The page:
After 7 long years, the second chapter for The Last of Us is here! Find out what we thought in our The Last of Us Part II Review!
|Release Date||June 19,2020|
I remember the buzz around The Last of Us when it first announced in 2011 and blew everyone away. It was something familiar yet very different from previous games that Naughty Dog had developed. The game ended up coming out around the end of the PlayStation 3’s lifecycle and was easily one of the most impressive looking games on the console along with a gripping story and tense gameplay. After the ending of the first game, we all knew a sequel was coming, it was just a matter of when. Much like last generation, The Last of Us Part II puts a nice cap on the PlayStation 4 lifecycle as this generation winds down.
The Last of Us Part II is a tough game to review because I feel like I can’t talk about a lot of things that happen in the game at the risk of spoiling it (not that that hasn’t been done many other places already). The game really eases you into everything in the beginning as you see that the people who haven’t been infected have built a massive camp in Jackson and you are re-introduced to Joel and Ellie from the first game. Ellie has seemingly transitioned to an angsty, conflicted young woman who always seems to have a chip on her shoulder.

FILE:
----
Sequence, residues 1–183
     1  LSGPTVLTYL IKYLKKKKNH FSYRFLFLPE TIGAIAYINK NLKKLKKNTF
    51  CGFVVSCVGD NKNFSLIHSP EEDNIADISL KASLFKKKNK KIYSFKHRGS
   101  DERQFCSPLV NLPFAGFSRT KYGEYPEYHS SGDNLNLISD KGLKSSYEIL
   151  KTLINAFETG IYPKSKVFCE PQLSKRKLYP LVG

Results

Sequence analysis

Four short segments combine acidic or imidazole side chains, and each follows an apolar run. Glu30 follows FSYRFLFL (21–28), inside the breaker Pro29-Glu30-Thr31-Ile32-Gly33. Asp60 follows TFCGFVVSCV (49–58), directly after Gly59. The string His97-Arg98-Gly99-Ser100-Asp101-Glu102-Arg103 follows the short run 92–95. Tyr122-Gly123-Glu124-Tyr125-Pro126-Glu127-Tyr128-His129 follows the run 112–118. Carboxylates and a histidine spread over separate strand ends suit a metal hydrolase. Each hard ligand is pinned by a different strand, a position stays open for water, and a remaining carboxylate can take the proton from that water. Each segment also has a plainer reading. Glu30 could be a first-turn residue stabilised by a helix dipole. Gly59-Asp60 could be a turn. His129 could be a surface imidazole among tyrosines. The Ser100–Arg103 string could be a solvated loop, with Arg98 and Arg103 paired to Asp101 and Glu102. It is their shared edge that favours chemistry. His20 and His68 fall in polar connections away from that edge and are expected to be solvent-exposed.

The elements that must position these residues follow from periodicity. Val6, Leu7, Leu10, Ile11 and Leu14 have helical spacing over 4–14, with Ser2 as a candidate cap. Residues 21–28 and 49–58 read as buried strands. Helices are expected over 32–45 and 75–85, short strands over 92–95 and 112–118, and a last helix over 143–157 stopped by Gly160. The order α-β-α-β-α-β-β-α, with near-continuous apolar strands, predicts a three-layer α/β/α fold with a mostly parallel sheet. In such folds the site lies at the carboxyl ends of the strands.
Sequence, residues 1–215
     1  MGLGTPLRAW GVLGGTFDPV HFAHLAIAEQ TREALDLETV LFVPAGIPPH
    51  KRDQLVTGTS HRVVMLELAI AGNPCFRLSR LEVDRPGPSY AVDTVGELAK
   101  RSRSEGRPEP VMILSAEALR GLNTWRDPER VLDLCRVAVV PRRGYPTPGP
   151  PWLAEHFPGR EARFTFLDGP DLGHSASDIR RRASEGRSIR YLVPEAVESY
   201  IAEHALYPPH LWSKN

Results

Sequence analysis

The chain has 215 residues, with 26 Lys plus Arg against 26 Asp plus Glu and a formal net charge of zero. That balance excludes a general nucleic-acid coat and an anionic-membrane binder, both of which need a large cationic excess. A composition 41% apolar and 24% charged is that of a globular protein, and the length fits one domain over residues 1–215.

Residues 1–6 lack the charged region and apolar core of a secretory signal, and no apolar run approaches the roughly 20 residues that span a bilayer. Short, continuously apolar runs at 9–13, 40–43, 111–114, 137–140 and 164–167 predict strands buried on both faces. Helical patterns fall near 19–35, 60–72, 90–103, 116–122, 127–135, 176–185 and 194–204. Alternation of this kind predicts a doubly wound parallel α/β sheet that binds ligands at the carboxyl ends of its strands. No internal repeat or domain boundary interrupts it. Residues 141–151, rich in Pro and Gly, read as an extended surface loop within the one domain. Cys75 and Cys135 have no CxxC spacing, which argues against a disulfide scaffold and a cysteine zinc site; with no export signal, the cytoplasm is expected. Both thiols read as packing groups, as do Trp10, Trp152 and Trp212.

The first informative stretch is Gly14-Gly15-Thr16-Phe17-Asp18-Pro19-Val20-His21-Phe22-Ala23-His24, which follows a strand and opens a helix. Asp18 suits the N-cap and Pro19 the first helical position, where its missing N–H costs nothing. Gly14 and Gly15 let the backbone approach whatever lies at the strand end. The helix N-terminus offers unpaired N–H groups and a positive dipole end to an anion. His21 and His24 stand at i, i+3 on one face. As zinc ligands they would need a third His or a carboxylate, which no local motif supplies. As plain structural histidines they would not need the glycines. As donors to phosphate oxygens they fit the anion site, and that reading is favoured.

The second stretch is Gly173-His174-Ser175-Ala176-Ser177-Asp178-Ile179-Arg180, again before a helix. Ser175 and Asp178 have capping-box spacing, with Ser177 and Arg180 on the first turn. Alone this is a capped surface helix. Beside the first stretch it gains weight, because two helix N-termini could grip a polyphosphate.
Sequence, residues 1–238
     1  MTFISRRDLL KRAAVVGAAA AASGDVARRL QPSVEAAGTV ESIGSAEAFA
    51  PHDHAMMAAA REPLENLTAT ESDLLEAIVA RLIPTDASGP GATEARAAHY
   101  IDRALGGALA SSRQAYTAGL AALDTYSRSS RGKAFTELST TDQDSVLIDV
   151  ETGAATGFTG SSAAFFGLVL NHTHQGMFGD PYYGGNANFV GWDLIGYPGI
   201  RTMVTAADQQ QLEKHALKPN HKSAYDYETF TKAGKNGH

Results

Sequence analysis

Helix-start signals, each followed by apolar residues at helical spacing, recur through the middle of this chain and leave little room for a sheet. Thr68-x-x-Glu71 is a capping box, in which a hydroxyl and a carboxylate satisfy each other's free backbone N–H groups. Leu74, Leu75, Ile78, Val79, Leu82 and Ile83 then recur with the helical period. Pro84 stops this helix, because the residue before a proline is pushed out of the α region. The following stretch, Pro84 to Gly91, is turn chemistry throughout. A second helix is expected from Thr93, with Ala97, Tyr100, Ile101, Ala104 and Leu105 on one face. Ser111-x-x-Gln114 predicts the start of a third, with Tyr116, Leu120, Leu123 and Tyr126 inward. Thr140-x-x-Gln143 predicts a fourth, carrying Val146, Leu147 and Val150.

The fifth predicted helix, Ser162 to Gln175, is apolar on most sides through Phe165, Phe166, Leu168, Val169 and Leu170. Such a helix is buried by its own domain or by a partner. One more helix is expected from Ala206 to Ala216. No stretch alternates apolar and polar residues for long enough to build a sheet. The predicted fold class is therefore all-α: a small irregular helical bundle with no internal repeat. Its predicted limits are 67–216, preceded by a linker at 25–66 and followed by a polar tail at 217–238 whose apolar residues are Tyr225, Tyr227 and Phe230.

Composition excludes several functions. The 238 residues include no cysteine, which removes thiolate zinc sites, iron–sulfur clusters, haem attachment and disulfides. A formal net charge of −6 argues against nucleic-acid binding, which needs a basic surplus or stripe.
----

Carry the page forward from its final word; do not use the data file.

I will very briefly touch on the story which is long and winding revenge story with multiple characters and factions involved. Some big events happen early on in the game that I won’t get into because I’m trying really hard not to spoil anything. Basically you play half the game as Ellie and half the game as the new character Abby and each one has different weapons and upgrades. The story shines in this game, I don’t care what anyone else says. The cutscenes were some of my favourite parts where I was able to see the interactions between characters and the growth between them. For instance, Ellie and Dina start off flirtatious and you quickly start to realize these two are really falling for each other even though things aren’t that simple as events unfold in the early part of the game. Abby sees equal growth through a lot of the flashback scenes that show us what brought her to be the person she is today. I don’t normally like flashbacks, but Naughty Dog did a great job weaving the story together here. There are so many layers to even the supporting cast of characters that kept me really invested in this story.